Legally reviewed by:
Setareh Law
October 31, 2022

Kids get into all manner of trouble while at school. It’s rare for that trouble to cause them physical harm, but horseplay can result in accidents. If your child comes home from school injured, who do you hold responsible for their well-being? How do waivers and other forms impact your legal right to action?

You can ask a personal injury attorney all of these questions and more in the wake of your child’s recent injury. Our team at Setareh Law can work with you to gather evidence of liability, untangle a school’s relationships with its vendors, and ensure that you and your child have the means you need to recover.

How Do You Establish Liability?

Liability for an accident that takes place at a school depends on the nature of the accident in question. While most employees in a school district are protected by that district, there may be instances in which outside parties influence the safety of your child.

For example, a child who suffers from food poisoning based on the quality of school meals is, by law, injured at school. While you can hold the parties who made their meal liable for your child’s condition, food providers may also bear some responsibility for your child’s well-being. You need to have an attorney investigate your child’s circumstances to determine who to hold liable.

Similarly, if a child is injured on a bus, there’s some debate as to whether the school or the company that hired the bus driver should be held liable for your child’s well-being. If the bus driver operates as an independent contractor, that bus driver may even be individually responsible for your child’s losses.

Independent Contractors and On-Site Employees All Play a Role

The division between independent contractors and registered employees has never been more important than when considering who to hold responsible for a child’s well-being in a school district. For example, a child who slips and falls on school property may blame a janitor for the accident.

Who, though, bears responsibility for that janitor? Is the janitor an independent contractor who represents themselves? Are they an employee of an outside agency? Are they a member of the school district and thus protected by the umbrella of said district?

You have to ask these questions if you want to determine who to file a claim against. Fortunately, no parent is required to take attention away from their child while that child is in recovery. Instead, parents can work with personal injury attorneys to follow the trail of evidence to the party liable for their child’s misfortune.

School Districts Benefit From Qualified Immunity

If it appears that a teacher or party employed by the school district specifically is responsible for your child at school, you have a limited amount of time to file a claim against the offender. This is because school districts are considered government entities in the state of California. As such, schools benefit from qualified immunity in the face of civil claims.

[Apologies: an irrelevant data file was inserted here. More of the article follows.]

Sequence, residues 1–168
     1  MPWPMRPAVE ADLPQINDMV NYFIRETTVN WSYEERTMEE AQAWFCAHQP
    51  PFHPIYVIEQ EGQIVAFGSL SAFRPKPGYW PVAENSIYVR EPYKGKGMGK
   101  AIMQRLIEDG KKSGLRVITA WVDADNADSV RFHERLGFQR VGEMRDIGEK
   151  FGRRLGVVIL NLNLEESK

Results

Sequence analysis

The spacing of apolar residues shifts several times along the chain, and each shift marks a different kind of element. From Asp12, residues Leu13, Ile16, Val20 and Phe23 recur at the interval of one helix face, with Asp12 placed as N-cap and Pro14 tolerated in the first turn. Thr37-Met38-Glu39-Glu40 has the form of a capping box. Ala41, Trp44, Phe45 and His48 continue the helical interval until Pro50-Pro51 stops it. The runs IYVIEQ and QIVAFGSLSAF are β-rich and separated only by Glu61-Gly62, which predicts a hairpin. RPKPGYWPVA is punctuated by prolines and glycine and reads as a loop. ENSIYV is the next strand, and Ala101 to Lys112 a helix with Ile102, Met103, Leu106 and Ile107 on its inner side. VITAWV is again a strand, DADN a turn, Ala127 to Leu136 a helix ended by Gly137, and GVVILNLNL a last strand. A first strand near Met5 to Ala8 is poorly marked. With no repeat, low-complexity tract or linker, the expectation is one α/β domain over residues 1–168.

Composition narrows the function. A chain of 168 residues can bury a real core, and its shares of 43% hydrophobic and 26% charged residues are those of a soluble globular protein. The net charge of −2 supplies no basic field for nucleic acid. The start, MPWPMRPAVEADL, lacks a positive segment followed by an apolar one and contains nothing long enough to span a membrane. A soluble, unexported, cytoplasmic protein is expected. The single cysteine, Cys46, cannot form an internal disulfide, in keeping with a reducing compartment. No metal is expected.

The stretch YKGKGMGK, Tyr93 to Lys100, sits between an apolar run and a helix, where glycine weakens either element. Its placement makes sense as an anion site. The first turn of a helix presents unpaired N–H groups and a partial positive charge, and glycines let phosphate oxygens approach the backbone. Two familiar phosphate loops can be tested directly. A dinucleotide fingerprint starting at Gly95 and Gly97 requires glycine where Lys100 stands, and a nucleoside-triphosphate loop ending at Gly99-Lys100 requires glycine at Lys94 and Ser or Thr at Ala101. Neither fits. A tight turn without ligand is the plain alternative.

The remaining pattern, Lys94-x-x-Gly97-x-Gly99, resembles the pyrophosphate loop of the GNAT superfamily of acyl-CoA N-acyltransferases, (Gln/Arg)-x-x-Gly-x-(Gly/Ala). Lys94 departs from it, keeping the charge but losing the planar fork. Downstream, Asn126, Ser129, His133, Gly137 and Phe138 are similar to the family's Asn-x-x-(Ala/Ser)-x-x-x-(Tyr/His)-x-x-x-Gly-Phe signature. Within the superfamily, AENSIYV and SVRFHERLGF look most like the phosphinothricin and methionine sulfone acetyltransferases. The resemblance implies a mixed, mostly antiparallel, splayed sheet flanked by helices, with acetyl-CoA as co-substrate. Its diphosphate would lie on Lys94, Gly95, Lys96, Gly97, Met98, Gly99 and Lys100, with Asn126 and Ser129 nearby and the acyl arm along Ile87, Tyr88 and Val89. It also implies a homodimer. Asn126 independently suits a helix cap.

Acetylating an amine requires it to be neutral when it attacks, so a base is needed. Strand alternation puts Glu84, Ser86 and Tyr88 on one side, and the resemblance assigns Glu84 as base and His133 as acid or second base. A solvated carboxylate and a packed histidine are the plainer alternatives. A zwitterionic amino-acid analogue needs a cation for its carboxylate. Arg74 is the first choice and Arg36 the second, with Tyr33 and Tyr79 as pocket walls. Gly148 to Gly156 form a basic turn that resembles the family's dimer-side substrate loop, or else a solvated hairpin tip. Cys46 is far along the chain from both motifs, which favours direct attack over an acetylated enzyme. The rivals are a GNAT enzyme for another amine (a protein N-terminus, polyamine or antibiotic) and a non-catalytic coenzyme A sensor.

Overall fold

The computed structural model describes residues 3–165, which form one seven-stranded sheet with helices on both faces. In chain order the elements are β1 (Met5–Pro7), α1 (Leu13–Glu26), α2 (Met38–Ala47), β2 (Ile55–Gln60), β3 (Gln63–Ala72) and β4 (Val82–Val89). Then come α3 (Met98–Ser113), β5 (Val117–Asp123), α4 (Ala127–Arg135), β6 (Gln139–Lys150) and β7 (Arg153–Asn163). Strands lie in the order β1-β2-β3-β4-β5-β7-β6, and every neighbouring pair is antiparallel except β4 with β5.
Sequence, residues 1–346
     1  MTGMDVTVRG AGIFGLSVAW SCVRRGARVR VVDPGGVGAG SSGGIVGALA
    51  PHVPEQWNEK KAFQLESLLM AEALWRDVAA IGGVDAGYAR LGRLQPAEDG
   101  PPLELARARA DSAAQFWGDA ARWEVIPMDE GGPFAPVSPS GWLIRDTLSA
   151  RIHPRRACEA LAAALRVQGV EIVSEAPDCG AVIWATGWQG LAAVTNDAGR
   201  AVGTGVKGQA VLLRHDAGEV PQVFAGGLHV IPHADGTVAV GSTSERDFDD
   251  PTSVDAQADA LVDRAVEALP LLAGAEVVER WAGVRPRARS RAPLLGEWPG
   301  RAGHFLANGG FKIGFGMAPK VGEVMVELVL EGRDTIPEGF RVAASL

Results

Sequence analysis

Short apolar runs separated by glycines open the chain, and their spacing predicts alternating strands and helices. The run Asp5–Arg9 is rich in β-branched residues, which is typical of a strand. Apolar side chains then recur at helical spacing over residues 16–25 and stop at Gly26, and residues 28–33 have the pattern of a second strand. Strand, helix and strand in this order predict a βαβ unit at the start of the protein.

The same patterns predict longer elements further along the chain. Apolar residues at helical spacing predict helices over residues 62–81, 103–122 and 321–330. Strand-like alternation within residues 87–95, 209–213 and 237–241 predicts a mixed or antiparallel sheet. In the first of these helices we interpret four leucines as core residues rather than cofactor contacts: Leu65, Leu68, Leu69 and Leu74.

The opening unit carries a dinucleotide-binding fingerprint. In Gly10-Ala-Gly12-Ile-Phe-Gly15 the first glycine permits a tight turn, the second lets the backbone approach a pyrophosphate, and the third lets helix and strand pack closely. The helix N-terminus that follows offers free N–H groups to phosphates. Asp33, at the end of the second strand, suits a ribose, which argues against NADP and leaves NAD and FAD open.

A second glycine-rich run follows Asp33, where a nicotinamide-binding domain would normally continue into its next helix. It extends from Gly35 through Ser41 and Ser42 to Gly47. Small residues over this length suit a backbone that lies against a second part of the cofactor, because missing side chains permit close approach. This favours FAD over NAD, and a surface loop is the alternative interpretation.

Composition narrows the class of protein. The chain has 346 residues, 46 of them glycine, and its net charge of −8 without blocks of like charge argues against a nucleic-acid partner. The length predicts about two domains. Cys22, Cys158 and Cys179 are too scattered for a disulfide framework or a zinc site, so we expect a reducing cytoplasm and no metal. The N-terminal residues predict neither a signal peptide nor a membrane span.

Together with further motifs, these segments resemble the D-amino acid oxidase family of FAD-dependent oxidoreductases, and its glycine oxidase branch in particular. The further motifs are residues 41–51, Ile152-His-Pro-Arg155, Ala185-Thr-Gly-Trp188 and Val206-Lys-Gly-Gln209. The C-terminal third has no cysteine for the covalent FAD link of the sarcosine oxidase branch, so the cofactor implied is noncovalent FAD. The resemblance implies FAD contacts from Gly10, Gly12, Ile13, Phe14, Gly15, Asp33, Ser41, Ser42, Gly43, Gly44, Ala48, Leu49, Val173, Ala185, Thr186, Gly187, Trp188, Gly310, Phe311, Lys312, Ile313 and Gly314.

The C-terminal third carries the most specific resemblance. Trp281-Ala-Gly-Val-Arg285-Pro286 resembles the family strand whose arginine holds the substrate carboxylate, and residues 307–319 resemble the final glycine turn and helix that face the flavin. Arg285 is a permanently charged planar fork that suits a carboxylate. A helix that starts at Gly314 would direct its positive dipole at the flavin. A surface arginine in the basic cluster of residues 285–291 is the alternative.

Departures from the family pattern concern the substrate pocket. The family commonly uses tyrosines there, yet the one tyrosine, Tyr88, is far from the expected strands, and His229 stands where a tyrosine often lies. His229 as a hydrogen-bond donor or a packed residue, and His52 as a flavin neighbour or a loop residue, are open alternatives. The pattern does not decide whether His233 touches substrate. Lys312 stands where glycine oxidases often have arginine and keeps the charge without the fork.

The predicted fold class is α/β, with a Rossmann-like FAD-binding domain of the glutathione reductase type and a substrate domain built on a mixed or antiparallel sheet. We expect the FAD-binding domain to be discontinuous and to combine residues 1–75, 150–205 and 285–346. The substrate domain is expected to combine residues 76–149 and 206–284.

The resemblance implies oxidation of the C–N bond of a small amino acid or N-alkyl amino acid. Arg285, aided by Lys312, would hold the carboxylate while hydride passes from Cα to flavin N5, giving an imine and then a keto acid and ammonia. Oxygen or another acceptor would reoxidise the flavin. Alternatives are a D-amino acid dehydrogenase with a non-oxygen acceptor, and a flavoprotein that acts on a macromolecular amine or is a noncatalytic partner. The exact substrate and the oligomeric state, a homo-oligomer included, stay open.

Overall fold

Qualified immunity shortens the deadline by which you need to file a relevant claim. You need to consult a personal injury attorney to determine how much time you have to file and to bring together the data needed to protect your child in that time.

The deadline for cases brought against independent contractors or outside parties is more generous. You can abide by California’s broader personal injury statute of limitations, or California Code of Civil Procedure Section 335.1, if you want to take up a claim against an offending party.

Children and California’s Personal Injury Statute of Limitations

All that said, California is generous when considering personal injury cases involving children. In most cases, parents filing on a child’s behalf have until that child turns 18 to act in that child’s legal interest, regardless of the statute of limitations that normally apply to that child’s case.

Children, upon turning 18, then have an additional two years to bring their case to a civil court’s attention. All parties interested in pursuing a case against an offending body may consult an attorney to determine how age, representation, and the nature of the accident in question contribute to the deadline by which your complaint needs to reach a county clerk.

Discuss Your Child’s Injury With a Personal Injury Attorney

When you trust a school with your child’s safety, you want to know that all parties therein will make a reasonable effort to keep your child from coming to harm. If your child endures an accident at school, you need to know who to hold responsible for that negligence. This can be difficult to work out, with inter-school relationships and policies influencing your legal rights.

Fortunately, our personal injury attorneys at Setareh Law are on the case. We can help you figure out liability for your child’s losses, allowing you to take legal action on your child’s behalf and potentially get the compensation your family may be owed. Our law firm’s Spanish-speaking representatives are available to discuss your case online or over the phone. Call us at (310) 659-1826 or use our online contact form to schedule your case consultation today.